• Intellectual property. Language protecting employees’ right to do non-VICE work and governing reuse of employees’ work for the company.


    • Editorial independence. VICE has formalized a written commitment to editorial independence.


    • Comp time. The contract includes compensatory time off for work on weekends and other scheduled days off.


    • Severance pay. For the first time, unionized employees are guaranteed severance pay on termination (except for gross misconduct).


    • Monthly union-management meetings. VICE and the union will meet monthly to discuss diversity, workload, business/editorial issues, and more.


Organizing is the democratic process of joining with coworkers to secure a voice on the job and to negotiate better terms and conditions of employment. The principle behind union organizing is simple: we have more clout with our employer when we negotiate as a unified group than we do when each of us negotiates as an isolated individual.

We are building a union that embodies our beliefs and stands up for our interests. We want VICE management to fully respect the people who help make VICE the dynamic company that it is.

Members of the VICE Organizing Committee drafted a mission statement outlining our vision for what we can accomplish through unionization:

  • improved pay and benefits,
  • real commitments to diversity,
  • transparent management standards,
  • clear and sustainable career paths, and editorial freedom and independence.

You can read the Organizing Committee’s “Why We Are Organizing” statement for more detail.

Currently, VICE management makes all the decisions about our jobs and the policies that affect us as employees. Management can make all these decisions unilaterally, without our approval. Each of us may have some latitude to negotiate the terms of our employment individually — we can, for instance, ask our supervisors for raises — but none of us on our own are able to have much impact upon the standards the company applies to its hundreds of employees.

With a recognized union, VICE management will have a responsibility to negotiate with us, as a group, over all the terms of our employment. The company won’t be able to make changes that affect our jobs without including us in the decision-making process. And speaking together, with one voice, we’ll have more influence than any one of us might, speaking alone.

That’s how collective bargaining works. Having a union won’t mean we’ll have absolute power to set the terms of our employment, but it will mean we’ll have a voice and a vote in what it means to work for VICE.

The Writer Guild of America, East is a labor union of thousands of creative professionals in motion pictures, television, cable, digital media, and broadcast news. For decades members of the Writers Guild have been fighting for better standards in compensation, benefits, working conditions, and the respect and dignity we deserve. Our mission is to build a community of creative professionals with the willingness to have each other’s backs and the power to secure a fair industry for those that make it work.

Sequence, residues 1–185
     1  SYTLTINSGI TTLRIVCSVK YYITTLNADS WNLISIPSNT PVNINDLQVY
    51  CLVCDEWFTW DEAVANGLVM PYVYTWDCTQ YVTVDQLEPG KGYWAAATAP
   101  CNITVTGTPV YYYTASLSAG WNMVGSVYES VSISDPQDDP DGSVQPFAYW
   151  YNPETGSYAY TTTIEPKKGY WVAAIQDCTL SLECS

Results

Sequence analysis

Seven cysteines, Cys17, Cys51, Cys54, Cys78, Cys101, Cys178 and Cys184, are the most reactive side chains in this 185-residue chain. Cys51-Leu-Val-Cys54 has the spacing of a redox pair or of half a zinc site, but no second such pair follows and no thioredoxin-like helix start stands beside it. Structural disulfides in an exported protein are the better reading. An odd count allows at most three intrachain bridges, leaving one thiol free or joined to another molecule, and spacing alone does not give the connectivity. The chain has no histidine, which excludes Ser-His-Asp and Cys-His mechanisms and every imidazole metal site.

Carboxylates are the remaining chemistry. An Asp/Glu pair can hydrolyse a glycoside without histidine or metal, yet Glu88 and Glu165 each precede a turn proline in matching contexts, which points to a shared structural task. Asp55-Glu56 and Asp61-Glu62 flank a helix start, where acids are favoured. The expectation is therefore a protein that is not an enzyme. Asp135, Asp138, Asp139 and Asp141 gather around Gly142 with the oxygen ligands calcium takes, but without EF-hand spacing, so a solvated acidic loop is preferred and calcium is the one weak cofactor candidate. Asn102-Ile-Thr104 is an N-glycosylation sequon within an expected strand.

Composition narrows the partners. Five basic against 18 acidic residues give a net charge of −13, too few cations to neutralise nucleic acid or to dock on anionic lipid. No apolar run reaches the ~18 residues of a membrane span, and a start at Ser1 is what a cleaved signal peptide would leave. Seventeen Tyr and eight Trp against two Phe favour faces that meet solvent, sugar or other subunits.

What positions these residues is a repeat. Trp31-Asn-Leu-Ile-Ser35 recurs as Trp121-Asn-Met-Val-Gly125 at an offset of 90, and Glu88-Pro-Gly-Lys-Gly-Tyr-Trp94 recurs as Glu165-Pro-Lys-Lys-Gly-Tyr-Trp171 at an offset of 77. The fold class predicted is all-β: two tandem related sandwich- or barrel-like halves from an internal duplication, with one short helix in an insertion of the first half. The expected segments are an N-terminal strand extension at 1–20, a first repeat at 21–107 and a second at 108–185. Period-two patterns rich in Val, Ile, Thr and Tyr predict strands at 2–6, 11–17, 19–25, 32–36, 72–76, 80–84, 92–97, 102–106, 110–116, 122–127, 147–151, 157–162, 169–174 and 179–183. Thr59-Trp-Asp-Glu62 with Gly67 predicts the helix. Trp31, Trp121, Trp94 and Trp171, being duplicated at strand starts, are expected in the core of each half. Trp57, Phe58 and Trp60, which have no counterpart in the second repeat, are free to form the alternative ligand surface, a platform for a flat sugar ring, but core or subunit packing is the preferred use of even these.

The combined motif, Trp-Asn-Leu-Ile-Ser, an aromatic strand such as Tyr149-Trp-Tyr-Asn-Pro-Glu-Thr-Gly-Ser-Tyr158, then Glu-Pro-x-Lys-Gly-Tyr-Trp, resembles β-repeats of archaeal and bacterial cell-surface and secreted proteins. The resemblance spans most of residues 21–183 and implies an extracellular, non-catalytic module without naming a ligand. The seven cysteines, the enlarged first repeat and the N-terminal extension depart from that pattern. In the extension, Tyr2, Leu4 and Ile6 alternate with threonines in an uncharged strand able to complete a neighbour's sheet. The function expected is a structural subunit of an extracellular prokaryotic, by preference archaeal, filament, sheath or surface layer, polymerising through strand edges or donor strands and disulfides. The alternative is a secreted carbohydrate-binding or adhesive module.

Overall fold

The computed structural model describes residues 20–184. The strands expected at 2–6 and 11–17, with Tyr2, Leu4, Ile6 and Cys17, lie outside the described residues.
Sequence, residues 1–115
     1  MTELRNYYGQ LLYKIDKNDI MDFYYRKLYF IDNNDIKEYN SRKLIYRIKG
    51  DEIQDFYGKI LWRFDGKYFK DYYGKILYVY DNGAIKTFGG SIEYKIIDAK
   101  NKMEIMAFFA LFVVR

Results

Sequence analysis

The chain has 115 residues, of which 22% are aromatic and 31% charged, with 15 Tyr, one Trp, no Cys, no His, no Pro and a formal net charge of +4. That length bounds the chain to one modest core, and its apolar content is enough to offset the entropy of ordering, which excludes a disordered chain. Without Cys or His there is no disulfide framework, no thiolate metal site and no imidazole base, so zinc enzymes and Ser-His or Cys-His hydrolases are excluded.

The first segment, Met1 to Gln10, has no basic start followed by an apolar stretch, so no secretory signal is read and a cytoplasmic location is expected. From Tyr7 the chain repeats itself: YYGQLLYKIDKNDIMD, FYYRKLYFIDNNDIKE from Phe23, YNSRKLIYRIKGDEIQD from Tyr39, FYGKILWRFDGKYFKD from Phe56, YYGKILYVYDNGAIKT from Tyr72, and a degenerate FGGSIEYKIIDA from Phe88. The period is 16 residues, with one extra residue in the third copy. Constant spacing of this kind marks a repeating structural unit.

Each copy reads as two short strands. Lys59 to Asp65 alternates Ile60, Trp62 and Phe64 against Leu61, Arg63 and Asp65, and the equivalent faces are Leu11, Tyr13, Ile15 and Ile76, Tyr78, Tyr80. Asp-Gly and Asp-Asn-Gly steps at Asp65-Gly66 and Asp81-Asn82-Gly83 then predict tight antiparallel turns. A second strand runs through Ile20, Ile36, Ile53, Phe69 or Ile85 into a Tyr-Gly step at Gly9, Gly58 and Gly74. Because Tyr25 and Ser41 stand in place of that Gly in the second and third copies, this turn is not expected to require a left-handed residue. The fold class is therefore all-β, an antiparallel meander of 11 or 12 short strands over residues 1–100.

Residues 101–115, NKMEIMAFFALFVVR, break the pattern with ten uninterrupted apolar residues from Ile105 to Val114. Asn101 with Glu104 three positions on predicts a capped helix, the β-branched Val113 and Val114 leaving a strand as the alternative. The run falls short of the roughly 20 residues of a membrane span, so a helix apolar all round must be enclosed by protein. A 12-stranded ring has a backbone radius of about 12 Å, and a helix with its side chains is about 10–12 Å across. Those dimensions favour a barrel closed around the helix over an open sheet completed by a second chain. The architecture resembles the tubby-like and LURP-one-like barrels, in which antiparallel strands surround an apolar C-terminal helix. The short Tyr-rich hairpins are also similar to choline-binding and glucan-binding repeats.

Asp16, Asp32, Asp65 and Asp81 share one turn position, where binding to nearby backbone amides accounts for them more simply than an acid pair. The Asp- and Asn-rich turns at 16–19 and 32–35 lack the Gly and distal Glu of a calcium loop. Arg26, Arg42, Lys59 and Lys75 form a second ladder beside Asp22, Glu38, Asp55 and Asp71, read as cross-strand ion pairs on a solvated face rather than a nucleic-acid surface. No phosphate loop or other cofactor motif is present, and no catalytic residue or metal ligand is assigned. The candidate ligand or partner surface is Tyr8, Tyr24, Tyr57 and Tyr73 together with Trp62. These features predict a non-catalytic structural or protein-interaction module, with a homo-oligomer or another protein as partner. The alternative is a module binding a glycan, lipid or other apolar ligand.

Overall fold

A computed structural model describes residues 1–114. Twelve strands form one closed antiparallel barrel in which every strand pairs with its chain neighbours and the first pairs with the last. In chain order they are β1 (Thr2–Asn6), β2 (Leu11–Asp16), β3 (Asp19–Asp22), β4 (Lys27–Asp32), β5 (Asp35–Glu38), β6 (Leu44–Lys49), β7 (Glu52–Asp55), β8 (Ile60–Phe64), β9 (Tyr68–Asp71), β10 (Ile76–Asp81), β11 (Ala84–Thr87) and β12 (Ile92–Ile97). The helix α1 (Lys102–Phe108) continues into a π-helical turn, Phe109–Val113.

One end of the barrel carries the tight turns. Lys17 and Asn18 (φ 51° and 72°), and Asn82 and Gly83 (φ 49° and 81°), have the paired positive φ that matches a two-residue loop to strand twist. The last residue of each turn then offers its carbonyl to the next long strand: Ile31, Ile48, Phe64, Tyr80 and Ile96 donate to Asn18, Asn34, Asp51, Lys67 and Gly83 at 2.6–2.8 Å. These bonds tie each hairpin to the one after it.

Union dues are the regular payments members make to support the organization’s administrative costs. The WGAE dues are set by the Council, a governing body made up of elected members. Dues are 1.5% of earnings + $40/quarter membership fee. No one pays dues until a contract is negotiated and voted on by VICE employees. Initiation fees are waived for anyone already employed in newly organized bargaining units. Employees that start at VICE after the date of contract ratification pay an initiation fee of $500.00.

Unlike other forms of representation that you can purchase — by hiring an agent or hiring a lawyer to represent you, for example — union representation does not operate on a fee-for-service model. Although dues are necessary to fund the organization’s staff, facilities, and projects, members are not simply hiring the union to act on their behalf.

The strength that we have derives not from the monies members pay, but instead from the solidarity members show. When members of the WGAE negotiate a strong contract for themselves, the strength of that contract chiefly comes not from the expertise of a professional negotiator — although the WGAE does indeed employ experienced and talented negotiators on its staff — but instead from the leverage the crew generates through its cohesion and commitment. Dues keep the lights on, but it’s solidarity that powers the union.

A union contract is negotiated between a group of employees, through their designated representatives, and their employer or employers. Contracts address all represented employees’ terms of employment: wages, benefits, and other working conditions. A union contract is a legal agreement between a group of employees and their employer. Without a contract any benefits you have are at your employer’s discretion and can be taken away at their whim. However, if you have a contract your employer is legally required to abide by it.

VICE employees will participate in setting the priorities for contract negotiations and will be on the union negotiating team that sits across the table from management. Once a tentative agreement with management, it goes to everyone in the bargaining unit for a ratification vote.

We can’t definitively say in advance just what will be in the contract, because the exact outcome of negotiations can’t be predicted. We do know, though, that we’ll have a democratic process for deciding what we as a group want to achieve and whether the agreement meets our needs. Without contract negotiations, we can only rely on VICE management to make all those decisions unilaterally on our behalf.

A signed authorization card is effectively a vote in favor of unionization. It’s an official statement that someone wants to be represented by the union and intends to become a full union member after the union wins recognition and a first contract.

We still refer to these authorizations as “cards,” because they’re traditionally documents printed on cardstock. But the National Labor Relations Board now recognizes statements submitted electronically. Whether you’ve put physical ink on an actual card, or submitted a statement of authorization via this website, you have “signed a card” for purposes of organizing.